We have just learned that conditional probability can be used to improve our prediction of events going forward. That is, knowing whether or not a runner is in scoring position helps us to predict more accurately whether or not Bernie Williams gets a hit.
Bayes' Theorem, published posthumously in the eighteenth century by Reverend Thomas Bayes, says that you can use conditional probability to make predictions in reverse! That is, if you know that Bernie Williams got a hit, you can "predict" the probability that he came up with a runner in scoring position.
Bayes' Theorem, sometimes called the Inverse Probability Law, is an example of what we call statistical inference. It is very powerful. In many situations, people make bad intuitive guesses about probabilities, when they could do much better if they understood Bayes' Theorem.Recall that the definition of conditional probability is:
We can use Bayes' Theorem to find the conditional probability of event A given the conditional probability of event B and the unconditional probabilities of events A and B.
For example, we said that Bernie Williams is a .400 hitter with a runner in scoring position. In other words, P(B|A) = 0.4. We also said that the unconditional probability of Bernie Williams coming up with a runner in scoring position is 0.2, and that the unconditional probability of Bernie Williams getting a hit is 0.3.
Therefore, if you are given the information that Bernie Williams got a hit, you can infer something about the probability that there was a runner in scoring position. Using Bayes' Theorem,
P(A|B) = [P(B|A)][P(A)]/P(B) = [0.4][0.2]/[0.3] = .267
What this says is that when we are given the information that Bernie Williams got a hit, we should estimate the probability that he came up with a runner in scoring position as .267, which is higher than the unconditional probability of 0.2 that he will come up with a runner in scoring position.
Although the derivation for Bayes' theorem is straightforward, not everyone is comfortable with it. The difficult aspect to accept is that instead of using probability to predict the future, you are using it to make inferences about the past. People who think in terms of causality have trouble with this.
Here is a classic illustration of Bayes' Theorem. Suppose that you are given two drawers. You cannot see the contents of the drawers, but you are told that one drawer contains two gold coins and the other drawer contains one gold coin and one silver coin. If someone pulls a coin at random out of drawer A and it turns out to be gold, what is the probability that drawer A is the drawer with two gold coins?
Many people would say, "The chances are fifty-fifty that drawer A is the drawer with two gold coins." However, that is not the correct answer. Although there are many ways to get the correct answer, we will use Bayes' Theorem.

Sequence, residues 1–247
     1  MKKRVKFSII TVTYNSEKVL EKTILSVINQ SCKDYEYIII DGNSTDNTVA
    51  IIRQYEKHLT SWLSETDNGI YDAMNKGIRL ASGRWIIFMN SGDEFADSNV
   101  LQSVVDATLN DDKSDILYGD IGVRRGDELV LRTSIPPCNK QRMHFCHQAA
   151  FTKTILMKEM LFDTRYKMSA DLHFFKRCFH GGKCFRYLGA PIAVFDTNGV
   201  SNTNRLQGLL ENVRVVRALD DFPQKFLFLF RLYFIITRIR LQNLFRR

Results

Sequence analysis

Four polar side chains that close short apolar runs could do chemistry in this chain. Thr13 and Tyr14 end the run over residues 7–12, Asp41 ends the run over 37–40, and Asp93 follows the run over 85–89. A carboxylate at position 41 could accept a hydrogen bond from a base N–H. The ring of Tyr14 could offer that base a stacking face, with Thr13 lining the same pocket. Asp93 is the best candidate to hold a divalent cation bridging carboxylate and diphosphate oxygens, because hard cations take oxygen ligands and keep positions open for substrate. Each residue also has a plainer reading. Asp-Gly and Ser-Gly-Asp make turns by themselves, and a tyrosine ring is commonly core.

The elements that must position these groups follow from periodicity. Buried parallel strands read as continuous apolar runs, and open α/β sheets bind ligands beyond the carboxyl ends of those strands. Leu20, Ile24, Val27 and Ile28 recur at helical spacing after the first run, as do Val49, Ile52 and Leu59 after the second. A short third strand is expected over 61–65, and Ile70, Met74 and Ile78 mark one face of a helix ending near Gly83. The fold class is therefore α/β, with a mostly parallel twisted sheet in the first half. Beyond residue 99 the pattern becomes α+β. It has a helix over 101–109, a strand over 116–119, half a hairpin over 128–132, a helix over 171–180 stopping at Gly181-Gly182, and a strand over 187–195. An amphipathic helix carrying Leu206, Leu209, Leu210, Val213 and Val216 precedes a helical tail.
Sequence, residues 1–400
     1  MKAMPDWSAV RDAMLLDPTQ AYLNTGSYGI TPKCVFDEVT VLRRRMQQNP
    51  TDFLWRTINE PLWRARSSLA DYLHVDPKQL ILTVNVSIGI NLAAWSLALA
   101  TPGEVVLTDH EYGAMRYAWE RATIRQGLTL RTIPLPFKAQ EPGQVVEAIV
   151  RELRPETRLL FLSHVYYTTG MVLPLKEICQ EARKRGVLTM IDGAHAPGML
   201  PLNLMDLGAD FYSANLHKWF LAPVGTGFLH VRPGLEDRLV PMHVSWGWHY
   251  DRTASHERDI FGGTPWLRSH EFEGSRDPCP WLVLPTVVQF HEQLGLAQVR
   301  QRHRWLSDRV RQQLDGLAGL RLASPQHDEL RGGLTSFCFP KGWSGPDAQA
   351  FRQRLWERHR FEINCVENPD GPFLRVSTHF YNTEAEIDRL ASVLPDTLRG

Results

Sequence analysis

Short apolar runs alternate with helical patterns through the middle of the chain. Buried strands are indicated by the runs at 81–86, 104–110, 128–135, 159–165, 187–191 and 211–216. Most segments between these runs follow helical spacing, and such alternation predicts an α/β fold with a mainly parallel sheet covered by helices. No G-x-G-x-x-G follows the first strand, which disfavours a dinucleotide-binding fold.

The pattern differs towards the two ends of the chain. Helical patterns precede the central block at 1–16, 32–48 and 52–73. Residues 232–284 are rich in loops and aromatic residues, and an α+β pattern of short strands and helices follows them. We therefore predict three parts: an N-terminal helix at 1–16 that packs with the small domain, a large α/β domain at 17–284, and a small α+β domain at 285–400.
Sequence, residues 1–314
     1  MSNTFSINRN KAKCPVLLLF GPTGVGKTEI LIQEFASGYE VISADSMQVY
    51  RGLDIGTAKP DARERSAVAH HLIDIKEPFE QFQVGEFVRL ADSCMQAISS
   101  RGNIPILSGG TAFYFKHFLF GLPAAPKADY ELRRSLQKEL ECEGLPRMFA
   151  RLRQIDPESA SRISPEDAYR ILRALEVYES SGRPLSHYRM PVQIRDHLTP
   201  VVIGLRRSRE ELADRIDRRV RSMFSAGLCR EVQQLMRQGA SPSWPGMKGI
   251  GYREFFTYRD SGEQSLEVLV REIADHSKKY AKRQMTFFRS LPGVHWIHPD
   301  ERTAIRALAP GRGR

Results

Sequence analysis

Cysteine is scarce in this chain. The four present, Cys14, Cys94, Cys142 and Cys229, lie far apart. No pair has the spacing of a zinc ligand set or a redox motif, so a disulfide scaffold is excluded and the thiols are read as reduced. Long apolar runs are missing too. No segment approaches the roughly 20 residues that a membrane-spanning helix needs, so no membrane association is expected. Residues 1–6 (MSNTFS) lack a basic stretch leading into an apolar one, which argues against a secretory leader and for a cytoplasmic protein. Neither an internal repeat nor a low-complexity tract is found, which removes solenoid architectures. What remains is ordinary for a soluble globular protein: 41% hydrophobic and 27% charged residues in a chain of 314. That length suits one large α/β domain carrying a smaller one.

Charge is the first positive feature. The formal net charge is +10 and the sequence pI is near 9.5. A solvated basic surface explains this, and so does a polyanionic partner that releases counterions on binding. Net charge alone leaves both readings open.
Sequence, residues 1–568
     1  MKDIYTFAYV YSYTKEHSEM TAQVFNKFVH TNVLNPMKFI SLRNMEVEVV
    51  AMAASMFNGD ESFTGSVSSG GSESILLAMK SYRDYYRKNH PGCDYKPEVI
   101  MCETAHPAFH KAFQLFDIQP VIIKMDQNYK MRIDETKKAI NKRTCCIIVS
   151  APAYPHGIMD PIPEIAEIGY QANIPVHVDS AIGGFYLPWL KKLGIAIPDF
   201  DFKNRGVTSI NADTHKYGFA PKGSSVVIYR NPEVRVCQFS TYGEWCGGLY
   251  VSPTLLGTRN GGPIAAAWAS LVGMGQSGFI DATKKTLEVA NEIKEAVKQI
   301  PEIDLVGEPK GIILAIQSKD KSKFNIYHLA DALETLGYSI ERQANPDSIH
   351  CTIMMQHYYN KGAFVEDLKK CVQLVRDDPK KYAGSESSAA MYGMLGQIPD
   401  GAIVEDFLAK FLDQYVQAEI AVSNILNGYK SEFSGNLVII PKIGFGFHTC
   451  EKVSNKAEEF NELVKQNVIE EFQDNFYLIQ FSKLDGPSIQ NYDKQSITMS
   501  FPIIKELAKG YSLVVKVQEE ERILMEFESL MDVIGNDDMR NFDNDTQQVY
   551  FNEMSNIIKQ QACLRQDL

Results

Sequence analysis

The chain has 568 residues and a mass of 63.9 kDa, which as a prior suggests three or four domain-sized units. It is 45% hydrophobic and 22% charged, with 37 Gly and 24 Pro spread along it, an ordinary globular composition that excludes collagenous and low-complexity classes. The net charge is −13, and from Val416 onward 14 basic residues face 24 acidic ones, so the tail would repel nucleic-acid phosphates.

|A||Drawer A has two gold coins||0.5|
|B||Person chooses a gold coin out of the four coins||0.75|
|B|A||Conditional probability of choosing a gold coin from A if it has two gold coins||1.0|
Using Bayes' Theorem, we have
P(A|B) = [P(B|A)][P(A)]/P(B) = [1.0][0.5]/[0.75] = 2/3
What other lines of reasoning can lead you to the correct answer that when someone picks a gold coin out of a drawer chosen at random the chances are two out of three that the drawer contains two gold coins?
Here is another illustration of Bayes' Theorem. Suppose that you are diagnosed with microscopic hematuria (blood in the urine that is only visible under a microscope). This symptom occurs in 10 percent of all people and 100 percent of people with kidney cancer. You would like to know the probability that you have kidney cancer, which occurs in 0.0002 percent of all people. Remember that if we express a probability in percent, then we must multiply by .01 to get the probability as a fraction of one.
|A||Someone has kidney cancer||0.000002|
|B||Someone has microscopic hematuria||0.10|
|B|A||Conditional probability of having hematuria given kidney cancer||1.0|
Using Bayes' Theorem, we have
P(A|B) = [P(B|A)][P(A)]/P(B) = [1.0][0.000002]/[0.1] = .00002
That is, you still have a very low probability of kidney cancer. The reason is that the symptom of microscopic hematuria is relatively common in the healthy population. If it were true that only one hundredth of one percent of all people had microscopic hematuria, then microscopic hematuria would be a much more powerful indicator of kidney cancer. What would be the probability of kidney cancer if this were the case?